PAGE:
The silencing of Egypt’s civil society: the EU must uphold its policy commitments

12/12/2016
Open Letter

Open letter addressed to Mr. Donald Tusk, President of the European Council, EU Member State Ministers of Foreign Affairs and Ms. Federica Mogherini, High Representative of the European Union for Foreign Affairs and Security Policy and Vice-President of the European Commission.

We, the 16 undersigned civil society organisations, urge you to take immediate measures to address Egypt’s escalating repression and silencing of civil society organizations, including prominent Egyptian human rights defenders (HRDs). In particular, your presence in Cairo for the 20 December EU-Arab League ministerial-level dialogue provides a key opportunity to raise these concerns at a high level with Egypt.

The new law on civic associations (NGOs), drafted without consultation of independent civil society, adopted by Egypt’s Parliament and referred to the Presidency on 29 November 2016 for ratification. This law thoroughlyviolates the constitutionally guaranteed right to freedom of association and Egypt’s many international legal commitments to uphold it [1]. UNSR Mr. Maina Kiai warned that the bill “aims to destroy Egypt’s foundation for peaceful, civic engagement at its very roots. If it becomes law, it would devastate civil society not only in the short term, but possibly for generations to come.” [2] It would effectively end Egypt’s independent human rights movement and cripple civil society in the country overall, by putting all NGOs firmly under control of the government and security establishment,under threat of heavy penalties [3].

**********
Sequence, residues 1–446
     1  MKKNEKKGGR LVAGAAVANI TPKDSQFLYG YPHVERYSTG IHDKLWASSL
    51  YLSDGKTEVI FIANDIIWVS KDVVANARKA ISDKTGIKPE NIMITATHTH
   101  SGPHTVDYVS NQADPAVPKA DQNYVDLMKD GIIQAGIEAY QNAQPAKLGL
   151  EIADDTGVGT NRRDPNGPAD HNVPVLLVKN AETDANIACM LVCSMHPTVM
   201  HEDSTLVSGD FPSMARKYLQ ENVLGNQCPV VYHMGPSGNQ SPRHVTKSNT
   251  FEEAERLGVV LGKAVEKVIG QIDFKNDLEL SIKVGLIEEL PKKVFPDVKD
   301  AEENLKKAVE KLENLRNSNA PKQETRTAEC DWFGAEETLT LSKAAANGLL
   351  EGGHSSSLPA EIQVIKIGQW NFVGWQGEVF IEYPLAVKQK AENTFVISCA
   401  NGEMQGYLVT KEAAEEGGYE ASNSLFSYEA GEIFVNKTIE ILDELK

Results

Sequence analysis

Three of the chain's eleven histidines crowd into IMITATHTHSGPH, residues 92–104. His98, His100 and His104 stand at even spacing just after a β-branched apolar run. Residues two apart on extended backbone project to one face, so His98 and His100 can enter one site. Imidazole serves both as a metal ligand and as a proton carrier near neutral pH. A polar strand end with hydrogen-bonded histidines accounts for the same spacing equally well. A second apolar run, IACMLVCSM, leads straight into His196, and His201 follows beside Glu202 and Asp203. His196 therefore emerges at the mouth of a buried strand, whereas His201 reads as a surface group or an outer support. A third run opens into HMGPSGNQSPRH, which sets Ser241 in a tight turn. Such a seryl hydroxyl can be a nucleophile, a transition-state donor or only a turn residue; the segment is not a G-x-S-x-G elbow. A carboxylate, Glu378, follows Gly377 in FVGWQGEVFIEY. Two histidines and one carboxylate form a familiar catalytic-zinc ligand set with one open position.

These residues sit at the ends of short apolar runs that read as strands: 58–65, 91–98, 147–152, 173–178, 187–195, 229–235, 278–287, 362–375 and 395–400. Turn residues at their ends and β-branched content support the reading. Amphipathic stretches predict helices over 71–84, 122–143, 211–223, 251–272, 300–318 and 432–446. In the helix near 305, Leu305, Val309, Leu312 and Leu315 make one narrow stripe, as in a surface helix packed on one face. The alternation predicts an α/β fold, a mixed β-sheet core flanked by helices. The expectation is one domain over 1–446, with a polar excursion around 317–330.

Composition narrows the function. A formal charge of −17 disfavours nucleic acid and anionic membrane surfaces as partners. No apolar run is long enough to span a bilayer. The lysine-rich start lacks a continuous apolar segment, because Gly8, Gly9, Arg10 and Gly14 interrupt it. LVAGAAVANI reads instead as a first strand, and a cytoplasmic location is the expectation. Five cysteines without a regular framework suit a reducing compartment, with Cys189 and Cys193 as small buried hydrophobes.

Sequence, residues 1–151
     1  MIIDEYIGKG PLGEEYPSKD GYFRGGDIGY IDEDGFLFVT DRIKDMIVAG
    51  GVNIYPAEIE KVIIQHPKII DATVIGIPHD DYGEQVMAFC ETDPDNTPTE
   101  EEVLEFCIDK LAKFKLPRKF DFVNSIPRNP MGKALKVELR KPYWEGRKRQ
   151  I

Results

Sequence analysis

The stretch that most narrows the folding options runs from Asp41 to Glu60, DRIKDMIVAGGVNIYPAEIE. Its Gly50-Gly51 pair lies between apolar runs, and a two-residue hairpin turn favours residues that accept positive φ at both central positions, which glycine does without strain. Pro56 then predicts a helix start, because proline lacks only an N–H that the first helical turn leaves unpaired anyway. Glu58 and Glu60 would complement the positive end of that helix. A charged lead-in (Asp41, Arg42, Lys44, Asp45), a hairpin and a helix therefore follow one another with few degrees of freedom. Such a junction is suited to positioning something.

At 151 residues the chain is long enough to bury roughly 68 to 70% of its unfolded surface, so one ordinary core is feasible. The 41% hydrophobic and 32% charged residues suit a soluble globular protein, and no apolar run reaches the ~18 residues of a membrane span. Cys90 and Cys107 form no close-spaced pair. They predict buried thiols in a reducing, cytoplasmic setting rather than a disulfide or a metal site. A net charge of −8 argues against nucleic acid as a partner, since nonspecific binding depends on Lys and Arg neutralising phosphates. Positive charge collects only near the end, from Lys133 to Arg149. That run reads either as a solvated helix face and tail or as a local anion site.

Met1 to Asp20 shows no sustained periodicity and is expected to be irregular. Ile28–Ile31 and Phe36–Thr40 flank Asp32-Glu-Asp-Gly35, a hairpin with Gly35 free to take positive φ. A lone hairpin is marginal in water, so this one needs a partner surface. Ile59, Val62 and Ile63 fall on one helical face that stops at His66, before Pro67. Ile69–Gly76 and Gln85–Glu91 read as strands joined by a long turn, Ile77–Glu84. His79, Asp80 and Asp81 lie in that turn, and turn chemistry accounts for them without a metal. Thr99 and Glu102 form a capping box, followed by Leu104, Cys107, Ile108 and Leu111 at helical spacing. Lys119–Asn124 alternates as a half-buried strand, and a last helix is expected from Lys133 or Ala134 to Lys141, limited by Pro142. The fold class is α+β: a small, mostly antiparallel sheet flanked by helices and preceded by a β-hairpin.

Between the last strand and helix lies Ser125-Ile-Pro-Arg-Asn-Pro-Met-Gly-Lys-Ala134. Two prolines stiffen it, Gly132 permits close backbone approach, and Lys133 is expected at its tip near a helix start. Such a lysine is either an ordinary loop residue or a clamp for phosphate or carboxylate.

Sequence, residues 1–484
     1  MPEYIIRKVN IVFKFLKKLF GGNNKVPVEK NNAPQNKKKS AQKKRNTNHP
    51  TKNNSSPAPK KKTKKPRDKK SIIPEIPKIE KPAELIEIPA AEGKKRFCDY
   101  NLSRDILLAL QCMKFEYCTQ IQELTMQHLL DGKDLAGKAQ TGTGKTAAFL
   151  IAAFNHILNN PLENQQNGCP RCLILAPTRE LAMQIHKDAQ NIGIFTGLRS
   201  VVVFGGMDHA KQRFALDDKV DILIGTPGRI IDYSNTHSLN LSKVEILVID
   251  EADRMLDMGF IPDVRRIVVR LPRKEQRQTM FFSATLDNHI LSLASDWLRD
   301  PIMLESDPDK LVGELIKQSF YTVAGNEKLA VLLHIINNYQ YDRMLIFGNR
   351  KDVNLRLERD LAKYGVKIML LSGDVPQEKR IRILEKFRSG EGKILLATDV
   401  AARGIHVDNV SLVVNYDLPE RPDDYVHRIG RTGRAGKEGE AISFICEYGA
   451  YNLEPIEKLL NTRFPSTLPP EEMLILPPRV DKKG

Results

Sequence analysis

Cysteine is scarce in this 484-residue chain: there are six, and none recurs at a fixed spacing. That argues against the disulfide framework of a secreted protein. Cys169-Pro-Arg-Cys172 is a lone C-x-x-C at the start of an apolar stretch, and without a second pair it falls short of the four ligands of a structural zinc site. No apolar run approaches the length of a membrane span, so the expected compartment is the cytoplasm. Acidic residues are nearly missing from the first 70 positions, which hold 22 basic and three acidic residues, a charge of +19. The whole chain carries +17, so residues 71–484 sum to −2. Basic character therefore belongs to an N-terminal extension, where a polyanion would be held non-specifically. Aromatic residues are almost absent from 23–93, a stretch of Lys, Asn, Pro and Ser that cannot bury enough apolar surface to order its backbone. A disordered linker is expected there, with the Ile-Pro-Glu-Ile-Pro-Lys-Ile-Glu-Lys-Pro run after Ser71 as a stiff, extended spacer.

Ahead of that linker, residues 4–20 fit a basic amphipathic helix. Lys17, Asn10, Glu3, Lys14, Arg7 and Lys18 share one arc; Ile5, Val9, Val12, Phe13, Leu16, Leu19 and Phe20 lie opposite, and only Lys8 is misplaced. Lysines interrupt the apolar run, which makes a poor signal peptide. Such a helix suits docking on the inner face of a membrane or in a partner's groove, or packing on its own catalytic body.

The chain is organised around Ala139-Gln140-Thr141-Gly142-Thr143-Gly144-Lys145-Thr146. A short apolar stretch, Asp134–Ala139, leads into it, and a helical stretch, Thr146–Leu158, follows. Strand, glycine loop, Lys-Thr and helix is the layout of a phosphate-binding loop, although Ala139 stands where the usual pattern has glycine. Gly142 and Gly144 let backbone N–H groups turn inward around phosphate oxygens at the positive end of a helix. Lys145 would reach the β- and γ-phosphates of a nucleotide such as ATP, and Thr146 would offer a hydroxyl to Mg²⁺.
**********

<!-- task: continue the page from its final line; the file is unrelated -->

This coincides with the imposition of unconstitutional travel bans on five HRDs in November 2016, including WHRDs Ms. Azza Soliman, founder of the Center for Egyptian Women’s Legal Aid (CEWLA) and Dr. Aida Seif al-Dawla, founder of Al-Nadim Center for Rehabilitation of Victims of Violence. Ms Soliman’s personal bank account and that of her law firm, Lawyers for Justice and Peace, have been frozen. Ms Soliman was arrested from her home on December 7 and taken for interrogation in the ongoing investigation into the foreign funding of local NGOs, known as Case no. 173/2011; this was the first arrest warrant executed against an NGO leader in Egypt. At the Dec. 12 hearing on her asset freeze, lawyers discovered the Court is also considering asset freezes against Nazra for Feminist Studies, its director Ms Mozn Hassan, as well as the Arab Penal Reform Association, its director Mr Mohamed Zarea and a staff member—without notifying these parties. In another unprecedented move, an Egyptian court sentenced Mr Yehia Qallash, the head of the journalists’ union, and two of its board members, to two years in prison in November 2016 for “harbouring wanted colleagues” and “spreading false news.” [4] Such measures were rightly denounced by the EEAS [5] and several European Member States as well as a raft of UN figures [6].

This crackdown on civil society is more counter-productive than ever. As Egypt is confronted by a growing socio-economic and financial crisis, its poorest citizens will be in ever-greater need for support from many of the NGOs targeted by the law—including those focused on development and poverty alleviation which provide essential services to vulnerable citizens. In addition, the silencing of the Egyptian human rights community will leave the victims of unlawful detention, enforced disappearance or torture by the authorities, without support. The absence of a deterrent on the ground—HRDs able to document, report and denounce violations—allows for the escalation of violations by security forces, which is counterproductive to promoting stability in Egypt: injustices fuel grievances, and worsen the conditions that sparked revolt in 2011.